I’m glad the real world is a much more diverse place. Instead of uniformity, we see the beauty and creativity of God revealed all throughout creation. God created the snowy slopes of Alaska and the coral reefs of Australia. He formed the Galápagos Islands in stark contrast to the Gobi Desert. What we discover in Madagascar is different from what turns up in Moscow. There is a wide spectrum of natural diversity on our planet and God is responsible for it all. And this only represents one small corner of the universe!
It’s not just the physical world that’s diverse, however. People and cultures have adapted and grown to represent the human diversity we see today. And wasn’t that God’s design too? Did he not command us, from the very beginning, to spread across the vast globe, filling the earth and subduing it?
God did not desire to give all of humanity a particular genotype or phenotype. He did not set out to build one homogenous human community (as the Tower of Babel architects learned the hard way). When we look at our species as a whole, we see the beauty, the creativity, and the very image of God reflected back at us. God loves diversity!
This is clear too in the types of people God uses to carry out his mission. The cast in Scripture is actually quite diverse. The Old Testament tells of wise men like Solomon alongside unlikely heroes such as Rahab of Jericho and Ruth the Moabite. God makes 99-year-old Abraham a father and seven-year-old Joash a king. We see men of questionable character like Samson and courageous women like Deborah both serve as judges over Israel. And, of course, God’s story includes a Hebrew orphan of sorts who grew up as an Egyptian prince before settling down as a Midianite shepherd—until he came out of retirement to liberate millions of stubborn slaves. And it doesn’t stop there.
Throughout the New Testament, we see God’s heart for diversity expressed explicitly in several key moments of the early church. Known as the Great Commission, Jesus’s final instructions to his disciples were clear: go and make disciples of all nations. He casts vision for growing a diverse, global movement rather than a local, homogenous cult.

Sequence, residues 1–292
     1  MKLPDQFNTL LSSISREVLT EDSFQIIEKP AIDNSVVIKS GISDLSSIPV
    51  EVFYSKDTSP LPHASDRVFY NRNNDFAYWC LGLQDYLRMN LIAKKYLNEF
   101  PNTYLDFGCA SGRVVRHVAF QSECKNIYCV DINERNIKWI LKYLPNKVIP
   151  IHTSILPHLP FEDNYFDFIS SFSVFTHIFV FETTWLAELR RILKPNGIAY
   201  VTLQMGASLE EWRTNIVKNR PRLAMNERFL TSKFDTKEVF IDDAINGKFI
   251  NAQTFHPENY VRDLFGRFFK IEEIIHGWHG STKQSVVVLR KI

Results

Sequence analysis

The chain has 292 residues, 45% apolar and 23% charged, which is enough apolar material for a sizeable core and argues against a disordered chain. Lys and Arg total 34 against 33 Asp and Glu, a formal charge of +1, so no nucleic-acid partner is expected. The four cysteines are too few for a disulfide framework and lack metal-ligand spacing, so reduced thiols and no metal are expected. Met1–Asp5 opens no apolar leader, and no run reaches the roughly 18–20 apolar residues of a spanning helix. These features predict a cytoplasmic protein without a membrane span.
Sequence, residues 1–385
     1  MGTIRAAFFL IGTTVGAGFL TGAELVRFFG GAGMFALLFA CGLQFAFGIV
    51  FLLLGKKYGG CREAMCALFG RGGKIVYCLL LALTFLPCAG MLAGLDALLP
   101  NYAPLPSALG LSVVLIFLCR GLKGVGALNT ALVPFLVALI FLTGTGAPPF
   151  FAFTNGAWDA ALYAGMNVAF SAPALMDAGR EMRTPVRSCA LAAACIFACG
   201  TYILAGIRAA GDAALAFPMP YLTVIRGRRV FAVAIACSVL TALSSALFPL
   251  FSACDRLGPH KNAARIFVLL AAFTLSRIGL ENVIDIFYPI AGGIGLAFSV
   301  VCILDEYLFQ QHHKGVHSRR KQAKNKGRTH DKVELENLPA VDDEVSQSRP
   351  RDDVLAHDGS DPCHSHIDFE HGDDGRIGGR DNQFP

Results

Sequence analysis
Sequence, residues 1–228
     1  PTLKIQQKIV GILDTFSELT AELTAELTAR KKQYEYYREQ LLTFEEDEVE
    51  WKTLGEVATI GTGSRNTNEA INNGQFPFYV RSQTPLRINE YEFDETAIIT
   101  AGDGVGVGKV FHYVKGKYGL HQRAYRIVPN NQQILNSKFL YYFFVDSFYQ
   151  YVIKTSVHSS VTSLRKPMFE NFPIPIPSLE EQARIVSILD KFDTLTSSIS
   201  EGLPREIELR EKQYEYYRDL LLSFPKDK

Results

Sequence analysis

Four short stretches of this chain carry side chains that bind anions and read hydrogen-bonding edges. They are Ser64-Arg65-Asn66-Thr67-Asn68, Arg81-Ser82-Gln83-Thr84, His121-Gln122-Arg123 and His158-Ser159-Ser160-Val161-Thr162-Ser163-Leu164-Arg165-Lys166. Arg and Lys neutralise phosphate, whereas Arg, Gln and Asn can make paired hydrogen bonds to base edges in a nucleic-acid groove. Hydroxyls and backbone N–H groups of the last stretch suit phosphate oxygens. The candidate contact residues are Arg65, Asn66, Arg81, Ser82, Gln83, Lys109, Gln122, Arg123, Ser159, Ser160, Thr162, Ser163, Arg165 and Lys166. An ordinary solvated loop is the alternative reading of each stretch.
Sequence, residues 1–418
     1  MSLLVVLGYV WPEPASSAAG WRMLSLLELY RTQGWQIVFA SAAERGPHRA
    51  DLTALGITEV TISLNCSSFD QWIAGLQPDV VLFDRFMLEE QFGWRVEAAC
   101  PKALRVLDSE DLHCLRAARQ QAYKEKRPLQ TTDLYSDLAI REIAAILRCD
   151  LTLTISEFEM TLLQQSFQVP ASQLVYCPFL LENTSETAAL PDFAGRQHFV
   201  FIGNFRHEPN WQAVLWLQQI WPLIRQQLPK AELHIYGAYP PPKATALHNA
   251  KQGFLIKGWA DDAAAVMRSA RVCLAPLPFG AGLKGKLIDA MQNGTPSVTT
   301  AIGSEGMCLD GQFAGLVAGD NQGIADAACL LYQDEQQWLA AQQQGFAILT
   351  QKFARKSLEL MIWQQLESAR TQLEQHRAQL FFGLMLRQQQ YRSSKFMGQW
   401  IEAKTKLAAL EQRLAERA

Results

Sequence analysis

Later, during Pentecost, there just coincidentally happened to be a gathering of Jews from all over the known world when God chose to release the Holy Spirit. Rather than giving the diverse crowd a supernatural ability to understand one language, God gave the disciples both a supernatural gift of speaking in other languages and the skills they needed to preach the gospel cross-culturally. Parthians and Medes and Elamites; residents of Mesopotamia, Judea and Cappadocia, Pontus and Asia, Phrygia and Pamphylia, Egypt and the parts of Libya belonging to Cyrene; visitors from Rome, both Jews and proselytes; and Cretans and Arabs—they all got to hear the gospel in their own heart languages. Because God cares about diversity!
Finally, in Revelation, John gets an all-access backstage pass to see what happens in heaven. He tells us about a gathering of a great multitude of people—too many to count. They all wear white robes. They all hold palm braches in their hands. They all shout one phrase. They are united. But are they all the same?
The first thing that John notices about this multitude isn’t the similarities, but rather the differences. He observes that every nation, tribe, people, and language is represented. Heaven is diverse. It’s beautiful. It’s perfect. It’s what God wants.
If natural diversity and cultural diversity are good things, then what about denominational diversity? We certainly don’t all worship in the same way. Presbyterians may be a little uncomfortable around Pentecostals. Anglicans do things a little differently than their African Methodist Episcopal Zionist brethren. Some of us go to mega churches, some to missional churches, and others to micro churches. Is there room for us to learn from each other? Could we bless each other and partner together to more effectively reach our context?
Not one culture, not one church, not one category or person alone can encompass the fullness of God’s glory. Alone and isolated we are incomplete. We have tremendous blind spots. We skew the gospel. I cannot make disciples of every nation by myself. You cannot make disciples of every nation by yourself. We each have a fraction, a sliver of the whole.
But together—in all of our beautiful, messy, glorious, chaotic diversity—we can be part of a robust movement that not only proclaims the message of God, but also displays the magnificent image of God to people of every nation, tribe, and language.
And when we do that, we get a little bit of heaven right here on earth.